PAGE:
Hall of Ancient Egypt
Safely ensconced in the Sahara desert, and drawing its lifeblood from the river Nile, ancient Egyptian civilization flourished for more than three millennia. A quintessential example of what archaeologists call a primary civilization,” ancient Egypt did not rely on inspiration from others to develop its own architecture, writing and religion—all of Egyptian culture was developed “in house.”
The themes of writing, religion, natural resources and—of course—mummification will be explored in this new permanent exhibition hall.
Ever since the late 18th century, the Western world has been exploring Egypt. This hall will present artifacts collected during these early days of investigations, and will also compare old-style archaeology with 21st-century approaches, such as using satellite imagery and remote sensing to locate and map ancient settlements. The Museum’s own mummy, Ankh Hap, has been moved to his new surroundings.
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More About Egypt:
The Egyptians believed that after they died, they would live forever in another world. In their burial process, they gathered everything from this world that they might need in the next life. These objects provide information not only about death, but also about life in ancient Egypt.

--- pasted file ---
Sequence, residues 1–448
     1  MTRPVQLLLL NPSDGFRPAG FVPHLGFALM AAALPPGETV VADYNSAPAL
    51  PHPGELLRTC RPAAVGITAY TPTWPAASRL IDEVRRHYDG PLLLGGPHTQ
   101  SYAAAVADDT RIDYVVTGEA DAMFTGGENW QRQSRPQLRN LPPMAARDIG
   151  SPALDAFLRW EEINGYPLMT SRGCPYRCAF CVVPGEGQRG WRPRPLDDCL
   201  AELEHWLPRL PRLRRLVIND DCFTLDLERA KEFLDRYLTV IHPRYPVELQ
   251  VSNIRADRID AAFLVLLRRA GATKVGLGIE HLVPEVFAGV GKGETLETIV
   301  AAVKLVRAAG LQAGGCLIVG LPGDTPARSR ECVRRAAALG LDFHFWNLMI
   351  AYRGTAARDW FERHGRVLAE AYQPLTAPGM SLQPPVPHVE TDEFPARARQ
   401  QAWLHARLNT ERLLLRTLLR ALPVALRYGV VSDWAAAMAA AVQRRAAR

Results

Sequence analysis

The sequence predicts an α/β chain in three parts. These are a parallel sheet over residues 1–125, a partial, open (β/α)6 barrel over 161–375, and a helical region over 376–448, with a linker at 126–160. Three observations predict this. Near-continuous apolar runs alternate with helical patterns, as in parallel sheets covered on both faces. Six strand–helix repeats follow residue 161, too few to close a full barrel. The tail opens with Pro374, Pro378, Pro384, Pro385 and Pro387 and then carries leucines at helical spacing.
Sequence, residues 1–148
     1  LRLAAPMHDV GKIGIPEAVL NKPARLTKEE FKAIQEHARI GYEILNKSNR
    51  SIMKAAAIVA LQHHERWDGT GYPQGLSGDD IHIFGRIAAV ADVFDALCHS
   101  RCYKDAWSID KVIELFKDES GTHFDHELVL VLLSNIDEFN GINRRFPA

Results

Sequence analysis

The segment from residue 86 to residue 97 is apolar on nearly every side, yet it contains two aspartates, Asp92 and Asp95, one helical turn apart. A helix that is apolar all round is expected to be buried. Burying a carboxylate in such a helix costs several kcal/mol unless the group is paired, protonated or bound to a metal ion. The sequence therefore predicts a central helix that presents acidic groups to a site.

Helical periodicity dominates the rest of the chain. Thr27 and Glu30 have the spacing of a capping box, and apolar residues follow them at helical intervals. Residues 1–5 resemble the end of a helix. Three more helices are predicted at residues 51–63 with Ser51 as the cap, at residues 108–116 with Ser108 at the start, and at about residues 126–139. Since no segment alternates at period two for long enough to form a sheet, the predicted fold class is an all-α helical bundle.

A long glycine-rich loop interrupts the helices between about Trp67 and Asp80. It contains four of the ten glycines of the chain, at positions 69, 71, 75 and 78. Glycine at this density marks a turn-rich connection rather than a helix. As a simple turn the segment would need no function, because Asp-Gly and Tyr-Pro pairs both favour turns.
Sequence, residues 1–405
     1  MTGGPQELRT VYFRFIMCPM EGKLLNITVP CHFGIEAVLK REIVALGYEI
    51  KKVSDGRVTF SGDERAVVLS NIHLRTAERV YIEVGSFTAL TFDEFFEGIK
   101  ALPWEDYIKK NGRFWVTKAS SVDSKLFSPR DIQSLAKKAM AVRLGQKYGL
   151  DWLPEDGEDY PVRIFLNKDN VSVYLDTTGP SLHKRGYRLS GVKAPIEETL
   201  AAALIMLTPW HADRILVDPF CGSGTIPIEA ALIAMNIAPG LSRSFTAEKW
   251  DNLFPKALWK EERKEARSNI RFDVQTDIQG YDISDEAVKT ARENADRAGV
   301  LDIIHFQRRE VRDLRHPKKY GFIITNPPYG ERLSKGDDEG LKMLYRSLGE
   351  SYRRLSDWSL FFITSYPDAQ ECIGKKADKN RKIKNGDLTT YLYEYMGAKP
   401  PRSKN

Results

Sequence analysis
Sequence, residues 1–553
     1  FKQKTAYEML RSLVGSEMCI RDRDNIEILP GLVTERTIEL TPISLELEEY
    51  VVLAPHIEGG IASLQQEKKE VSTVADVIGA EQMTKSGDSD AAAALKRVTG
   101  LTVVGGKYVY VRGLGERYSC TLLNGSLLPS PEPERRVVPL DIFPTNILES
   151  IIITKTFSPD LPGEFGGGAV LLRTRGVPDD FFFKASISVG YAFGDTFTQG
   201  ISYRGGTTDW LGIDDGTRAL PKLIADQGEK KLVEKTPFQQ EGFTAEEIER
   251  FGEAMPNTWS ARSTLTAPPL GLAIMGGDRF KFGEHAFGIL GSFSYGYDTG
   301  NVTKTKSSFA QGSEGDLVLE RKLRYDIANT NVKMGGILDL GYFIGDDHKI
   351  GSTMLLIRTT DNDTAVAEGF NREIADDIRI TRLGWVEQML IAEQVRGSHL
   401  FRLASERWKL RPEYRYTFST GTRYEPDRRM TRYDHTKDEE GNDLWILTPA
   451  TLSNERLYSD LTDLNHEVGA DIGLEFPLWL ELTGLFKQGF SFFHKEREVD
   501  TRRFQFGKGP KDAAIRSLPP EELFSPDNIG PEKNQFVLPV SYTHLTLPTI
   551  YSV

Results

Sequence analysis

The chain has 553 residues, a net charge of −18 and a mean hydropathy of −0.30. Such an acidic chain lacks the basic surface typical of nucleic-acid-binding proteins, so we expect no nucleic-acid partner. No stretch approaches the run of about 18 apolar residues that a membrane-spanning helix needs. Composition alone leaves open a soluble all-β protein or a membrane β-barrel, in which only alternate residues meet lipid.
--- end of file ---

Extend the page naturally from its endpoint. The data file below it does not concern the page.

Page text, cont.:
According to Egyptian beliefs, each person was composed of three parts: the life force, the ba or personality (sometimes called the soul), and the physical body. When someone died, the body remained behind while the two spiritual parts went to the next world and lived forever.
The most important gods of the dead were Osiris, king and judge in the afterworld, and the jackal-headed Anubis. Relief carvings and statuettes in faience show how the Egyptians saw these gods. Osiris judged the dead to determine if they were worthy of entering the next world. If not, they would die a second and final death. However, the Egyptians believed they could use magical texts to tilt the scales in their favor. Anubis served as guide to the dead and was the patron of embalmers. He oversaw the making of mummies.
Mummification protected the body of the deceased, in case his or her spirit wanted to return to earth. The process involved drying out and preserving the body. Soft internal organs were removed and processed separately. On display are objects connected with this practice, including amulets and the coffin, as well as glass containers with modern examples of what was used to make a mummy: tar, salts, sand and wood shavings.
Magic was also an important part of life and death in ancient Egypt. Amulets of all kinds protected both the living and the dead. Pictures on tomb walls and small funerary statuettes also provided magical services. These statuettes (ushebtis), many of which are on display, were designed to work in place of the dead in the next world. As many as 400 could be included in a single burial—one magical worker for every day of the year, along with a supervisor for every ten workers.
It was important that the name of the dead survive and that the spirit be fed. Entombed with each mummy were the important possessions that the dead might need in the next world: food and drink, jewelry, cosmetics, and games. Offerings to the dead were placed in the tomb chapel.